Roots of Angkor Wat, Part Two; Cambodian Origins in the Chenla Culture

by bria4123 on November 27, 2011


More roots of Angkor Wat grew in northern Cambodia. Around 500 CE, communities there built a kingdom, or a network of independent cities, called the Chenla. It traded goods and ideas with the Funan (please see Roots of Angkor Wat; Cambodian Origins in the Funan Culture). Many Funan people were now migrating north.

A cultural synthesis followed that the Khmer culture that built Angkor Wat grew from.

Chinese chroniclers wrote that the Chenla vanquished its southern neighbor. But some research suggests that migrations to the north were peaceful, and that both kingdoms developed a common culture over a long period.

Sailors had discovered how to travel directly from India across the Bay of Bengal with the annual monsoon winds, and thus avoid the longer task of hugging the coasts. Merchants could have bypassed Funan ports. But this explanation has recently been questioned because Funan commerce was still robust in the 5th century. John N. Miksic (Art & Archaeology of Fun Nan; ed. James C.M. Khoo, p. 30-1) writes that Funan people might have moved north for cultural reasons.

The people in the north focused on agriculture. The Funan concentrated more on maritime trade, and it used coins. Miksic says that the Funan might have found more security in a state organized around agriculture. The reasons for the life-style change and migration remain an open question. But this cultural shift was monumental–farming would dominate Cambodia’s economy and culture until the 15th century. This shift was a key root of the society that built Angkor Wat.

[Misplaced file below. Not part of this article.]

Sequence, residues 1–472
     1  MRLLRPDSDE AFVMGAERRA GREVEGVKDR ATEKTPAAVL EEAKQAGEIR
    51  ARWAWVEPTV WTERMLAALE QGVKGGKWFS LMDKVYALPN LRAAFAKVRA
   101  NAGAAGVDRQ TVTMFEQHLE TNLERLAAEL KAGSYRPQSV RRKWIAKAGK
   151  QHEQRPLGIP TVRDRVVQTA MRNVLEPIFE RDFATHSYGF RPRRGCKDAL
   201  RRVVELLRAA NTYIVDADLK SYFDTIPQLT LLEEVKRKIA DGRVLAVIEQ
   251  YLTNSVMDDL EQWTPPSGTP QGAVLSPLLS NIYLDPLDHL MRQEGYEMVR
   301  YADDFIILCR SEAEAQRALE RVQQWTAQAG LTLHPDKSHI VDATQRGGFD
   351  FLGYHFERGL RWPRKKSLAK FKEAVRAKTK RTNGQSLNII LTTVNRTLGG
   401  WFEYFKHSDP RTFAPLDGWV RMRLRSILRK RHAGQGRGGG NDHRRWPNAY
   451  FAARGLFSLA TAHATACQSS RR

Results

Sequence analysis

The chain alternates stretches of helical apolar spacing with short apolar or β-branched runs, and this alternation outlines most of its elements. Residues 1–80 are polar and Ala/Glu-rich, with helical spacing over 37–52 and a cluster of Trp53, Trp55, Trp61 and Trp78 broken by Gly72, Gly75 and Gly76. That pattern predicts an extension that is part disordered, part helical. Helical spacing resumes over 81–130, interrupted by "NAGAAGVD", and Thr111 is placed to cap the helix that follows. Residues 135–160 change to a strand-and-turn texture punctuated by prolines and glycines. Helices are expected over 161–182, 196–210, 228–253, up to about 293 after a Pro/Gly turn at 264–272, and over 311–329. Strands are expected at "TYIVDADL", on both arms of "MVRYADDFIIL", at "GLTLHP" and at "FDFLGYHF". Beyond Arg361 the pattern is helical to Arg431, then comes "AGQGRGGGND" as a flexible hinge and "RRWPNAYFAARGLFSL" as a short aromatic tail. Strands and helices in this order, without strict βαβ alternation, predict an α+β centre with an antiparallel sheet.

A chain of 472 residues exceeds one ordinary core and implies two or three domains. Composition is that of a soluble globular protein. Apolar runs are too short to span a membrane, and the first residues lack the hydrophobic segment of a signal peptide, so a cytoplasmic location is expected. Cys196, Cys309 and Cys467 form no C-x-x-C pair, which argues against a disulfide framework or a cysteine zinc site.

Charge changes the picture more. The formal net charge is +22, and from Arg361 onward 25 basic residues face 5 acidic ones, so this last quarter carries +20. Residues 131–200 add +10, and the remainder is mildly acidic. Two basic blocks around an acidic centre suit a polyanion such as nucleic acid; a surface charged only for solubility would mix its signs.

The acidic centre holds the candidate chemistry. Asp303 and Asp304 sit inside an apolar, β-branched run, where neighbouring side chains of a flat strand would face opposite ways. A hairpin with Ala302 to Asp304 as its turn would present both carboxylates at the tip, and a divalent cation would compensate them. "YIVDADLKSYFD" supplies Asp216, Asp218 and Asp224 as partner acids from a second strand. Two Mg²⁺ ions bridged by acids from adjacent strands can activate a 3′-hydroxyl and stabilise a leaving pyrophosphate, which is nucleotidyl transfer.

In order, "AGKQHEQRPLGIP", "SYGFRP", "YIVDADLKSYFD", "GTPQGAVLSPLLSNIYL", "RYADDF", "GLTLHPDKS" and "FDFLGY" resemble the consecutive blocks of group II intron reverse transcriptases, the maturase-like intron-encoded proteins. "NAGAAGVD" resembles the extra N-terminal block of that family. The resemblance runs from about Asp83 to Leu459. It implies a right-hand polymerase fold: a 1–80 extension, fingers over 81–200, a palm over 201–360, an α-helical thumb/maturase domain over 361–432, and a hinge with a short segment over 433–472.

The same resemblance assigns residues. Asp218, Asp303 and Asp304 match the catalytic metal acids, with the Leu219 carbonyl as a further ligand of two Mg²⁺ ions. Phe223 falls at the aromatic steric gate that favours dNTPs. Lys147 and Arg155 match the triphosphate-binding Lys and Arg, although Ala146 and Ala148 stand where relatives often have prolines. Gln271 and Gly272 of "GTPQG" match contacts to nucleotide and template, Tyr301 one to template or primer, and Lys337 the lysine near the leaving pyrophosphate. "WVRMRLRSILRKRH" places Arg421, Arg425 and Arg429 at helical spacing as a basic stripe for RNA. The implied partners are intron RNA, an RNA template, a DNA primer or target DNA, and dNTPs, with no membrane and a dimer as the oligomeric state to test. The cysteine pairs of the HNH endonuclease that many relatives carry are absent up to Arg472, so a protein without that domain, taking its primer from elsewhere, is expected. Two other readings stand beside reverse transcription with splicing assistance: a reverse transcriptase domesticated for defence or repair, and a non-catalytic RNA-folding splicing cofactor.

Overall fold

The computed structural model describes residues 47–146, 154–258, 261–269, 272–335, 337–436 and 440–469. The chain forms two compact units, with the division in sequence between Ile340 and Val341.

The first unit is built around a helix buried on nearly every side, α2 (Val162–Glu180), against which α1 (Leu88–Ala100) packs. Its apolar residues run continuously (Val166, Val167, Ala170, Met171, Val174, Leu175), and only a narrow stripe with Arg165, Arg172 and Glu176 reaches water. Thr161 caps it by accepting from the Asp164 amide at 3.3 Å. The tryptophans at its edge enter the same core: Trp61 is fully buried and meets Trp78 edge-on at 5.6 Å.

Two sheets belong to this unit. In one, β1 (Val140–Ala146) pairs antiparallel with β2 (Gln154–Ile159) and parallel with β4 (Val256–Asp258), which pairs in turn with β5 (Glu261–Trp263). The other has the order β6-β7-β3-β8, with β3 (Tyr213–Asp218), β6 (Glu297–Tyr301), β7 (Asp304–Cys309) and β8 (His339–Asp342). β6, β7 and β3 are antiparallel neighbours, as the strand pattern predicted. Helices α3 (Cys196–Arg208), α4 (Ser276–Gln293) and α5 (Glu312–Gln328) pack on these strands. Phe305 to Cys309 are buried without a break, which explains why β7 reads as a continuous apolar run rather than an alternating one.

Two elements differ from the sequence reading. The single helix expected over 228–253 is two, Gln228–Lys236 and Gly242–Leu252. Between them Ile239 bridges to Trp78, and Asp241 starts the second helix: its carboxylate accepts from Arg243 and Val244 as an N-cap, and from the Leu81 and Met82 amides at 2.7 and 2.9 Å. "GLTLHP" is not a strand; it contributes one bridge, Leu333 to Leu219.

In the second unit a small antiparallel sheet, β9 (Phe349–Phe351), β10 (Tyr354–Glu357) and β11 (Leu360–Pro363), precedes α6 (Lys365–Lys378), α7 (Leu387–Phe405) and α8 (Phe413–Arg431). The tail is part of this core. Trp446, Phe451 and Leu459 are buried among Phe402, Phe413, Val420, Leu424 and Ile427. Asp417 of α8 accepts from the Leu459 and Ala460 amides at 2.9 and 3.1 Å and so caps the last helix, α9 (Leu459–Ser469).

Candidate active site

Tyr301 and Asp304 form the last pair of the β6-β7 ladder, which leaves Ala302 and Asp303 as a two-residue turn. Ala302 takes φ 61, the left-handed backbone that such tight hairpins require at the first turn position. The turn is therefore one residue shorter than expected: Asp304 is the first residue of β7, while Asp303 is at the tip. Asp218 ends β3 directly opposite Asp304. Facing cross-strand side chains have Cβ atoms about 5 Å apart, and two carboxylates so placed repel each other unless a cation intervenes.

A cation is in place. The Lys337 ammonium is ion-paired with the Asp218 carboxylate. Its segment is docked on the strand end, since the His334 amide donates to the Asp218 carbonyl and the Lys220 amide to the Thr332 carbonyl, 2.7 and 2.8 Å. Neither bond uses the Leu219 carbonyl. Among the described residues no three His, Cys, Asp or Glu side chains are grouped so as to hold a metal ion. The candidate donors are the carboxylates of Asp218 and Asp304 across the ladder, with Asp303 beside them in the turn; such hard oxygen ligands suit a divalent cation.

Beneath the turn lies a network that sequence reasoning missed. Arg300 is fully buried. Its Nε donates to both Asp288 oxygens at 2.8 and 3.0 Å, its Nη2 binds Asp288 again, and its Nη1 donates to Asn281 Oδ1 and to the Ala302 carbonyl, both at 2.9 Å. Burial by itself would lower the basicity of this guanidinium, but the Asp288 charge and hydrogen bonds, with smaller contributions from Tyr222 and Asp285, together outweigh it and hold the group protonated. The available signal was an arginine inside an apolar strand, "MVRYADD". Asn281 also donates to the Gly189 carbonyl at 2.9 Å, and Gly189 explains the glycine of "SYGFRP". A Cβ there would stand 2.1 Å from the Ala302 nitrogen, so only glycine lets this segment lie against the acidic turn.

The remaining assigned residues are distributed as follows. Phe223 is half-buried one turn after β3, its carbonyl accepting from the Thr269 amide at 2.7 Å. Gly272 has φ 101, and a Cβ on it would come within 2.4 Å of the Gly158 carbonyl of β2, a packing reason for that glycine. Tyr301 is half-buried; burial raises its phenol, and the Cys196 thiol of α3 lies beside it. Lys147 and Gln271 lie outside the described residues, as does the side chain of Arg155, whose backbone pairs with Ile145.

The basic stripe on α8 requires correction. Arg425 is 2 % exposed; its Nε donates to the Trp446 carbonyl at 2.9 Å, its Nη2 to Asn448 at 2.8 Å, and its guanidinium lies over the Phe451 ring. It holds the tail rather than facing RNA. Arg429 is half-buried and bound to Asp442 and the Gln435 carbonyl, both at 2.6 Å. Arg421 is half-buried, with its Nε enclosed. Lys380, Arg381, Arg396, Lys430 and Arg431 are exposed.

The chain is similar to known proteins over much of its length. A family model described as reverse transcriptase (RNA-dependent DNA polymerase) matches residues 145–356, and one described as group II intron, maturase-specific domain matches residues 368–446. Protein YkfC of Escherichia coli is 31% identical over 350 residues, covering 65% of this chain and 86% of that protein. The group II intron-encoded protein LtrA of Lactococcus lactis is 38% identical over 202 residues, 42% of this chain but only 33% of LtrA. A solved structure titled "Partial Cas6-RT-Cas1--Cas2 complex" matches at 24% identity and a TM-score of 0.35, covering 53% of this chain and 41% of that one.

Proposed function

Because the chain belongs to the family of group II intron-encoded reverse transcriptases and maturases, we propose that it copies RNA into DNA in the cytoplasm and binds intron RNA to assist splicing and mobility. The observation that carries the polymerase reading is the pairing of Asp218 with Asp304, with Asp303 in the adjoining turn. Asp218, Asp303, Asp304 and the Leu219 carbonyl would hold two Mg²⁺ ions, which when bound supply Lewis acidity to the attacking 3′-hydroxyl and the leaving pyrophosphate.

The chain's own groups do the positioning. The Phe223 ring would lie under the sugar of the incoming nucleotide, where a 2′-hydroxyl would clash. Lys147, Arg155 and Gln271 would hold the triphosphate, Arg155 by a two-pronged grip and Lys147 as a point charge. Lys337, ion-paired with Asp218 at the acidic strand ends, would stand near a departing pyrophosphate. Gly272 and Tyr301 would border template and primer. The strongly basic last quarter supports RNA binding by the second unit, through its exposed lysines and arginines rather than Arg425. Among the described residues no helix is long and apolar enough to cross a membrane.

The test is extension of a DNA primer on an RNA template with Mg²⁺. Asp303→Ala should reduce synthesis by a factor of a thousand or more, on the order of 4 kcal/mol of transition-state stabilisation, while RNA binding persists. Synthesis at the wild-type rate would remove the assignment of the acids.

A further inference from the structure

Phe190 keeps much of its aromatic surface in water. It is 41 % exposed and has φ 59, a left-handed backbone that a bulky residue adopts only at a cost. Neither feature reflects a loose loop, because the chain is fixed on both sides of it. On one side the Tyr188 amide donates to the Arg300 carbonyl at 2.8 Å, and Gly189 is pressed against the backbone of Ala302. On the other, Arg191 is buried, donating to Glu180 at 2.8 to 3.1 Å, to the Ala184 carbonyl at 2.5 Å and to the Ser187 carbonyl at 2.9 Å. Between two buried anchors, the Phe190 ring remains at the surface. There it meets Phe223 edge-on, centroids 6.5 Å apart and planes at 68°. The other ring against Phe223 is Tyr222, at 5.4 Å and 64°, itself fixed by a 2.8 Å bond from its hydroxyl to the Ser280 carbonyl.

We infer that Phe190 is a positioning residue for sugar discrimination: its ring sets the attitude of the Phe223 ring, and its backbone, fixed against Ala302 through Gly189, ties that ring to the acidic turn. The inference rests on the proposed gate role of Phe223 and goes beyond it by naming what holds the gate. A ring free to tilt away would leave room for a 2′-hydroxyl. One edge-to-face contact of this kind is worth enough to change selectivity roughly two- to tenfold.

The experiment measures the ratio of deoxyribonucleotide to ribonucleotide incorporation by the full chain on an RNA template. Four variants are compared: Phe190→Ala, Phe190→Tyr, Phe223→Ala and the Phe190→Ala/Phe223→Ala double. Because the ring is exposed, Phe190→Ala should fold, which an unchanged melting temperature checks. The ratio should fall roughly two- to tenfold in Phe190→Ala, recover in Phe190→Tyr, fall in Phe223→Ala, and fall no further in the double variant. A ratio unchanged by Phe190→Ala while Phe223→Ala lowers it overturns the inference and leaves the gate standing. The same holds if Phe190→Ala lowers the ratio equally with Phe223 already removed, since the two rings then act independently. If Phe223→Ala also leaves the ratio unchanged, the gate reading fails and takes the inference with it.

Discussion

The Chenla capital at Sambor Prei Kuk was called Ishanapura, and it’s full of strikingly handsome buildings which its kings built.


Ishanapura consists of three nearly square sets of temples. Each group was dedicated to Shiva or an incarnation of him. Early kings of Angkor would also dedicate their royal cults to Shiva. Invoking the power of Shiva and his linga (a phallus associated with the creative forces of nature) might have helped kings order a society based on agriculture.

The temples aren’t dramatically large–a huge contrast with Angkor Wat. But they’re perfectly proportioned. The tallest rise about 50 feet–they would have impressed the local farmers, but they’re not big enough to overwhelm. Some are octagonal, some square, and others oblong. All forms are handsome. Their symmetry balances strength and elegance as well as the best Khmer art from later centuries does.

Many of the Chenla temples’ forms became entrenched for the next 1000 years in Cambodia, and thus lasted throughout Khmer history. Some buildings’ exteriors have carvings of a floating palace–the gods’ heavenly home. The outlines of the mansions are both symmetrical and ornate, as Angkor Wat would be more than 400 years later, when it embodied the idea of the gods’ house on an epic scale.


An ancient brick wall surrounds one of the compounds, and it has a row of large circles that contain lively carvings of people and animals. Cambodians loved action scenes long before Angkor Wat’s extravaganzas.

Royal rituals must have spread the temples’ orderly forms throughout the land. Ceremonies might have been integrated with rice’s growing cycle.

The Chenla state soon fragmented in royal succession crises. But many of its descendants moved northwest and founded Angkor. There, they built new royal ritual centers with symmetrical temples that correlated the cosmos, Shiva’s power, sacred rites, and the order of a state of farmers.

Sambor Prei Kuk is an easy day trip from Siem Reap/Angkor. Please see it if you go to Cambodia, and enjoy some of the roots of Angkor Wat.

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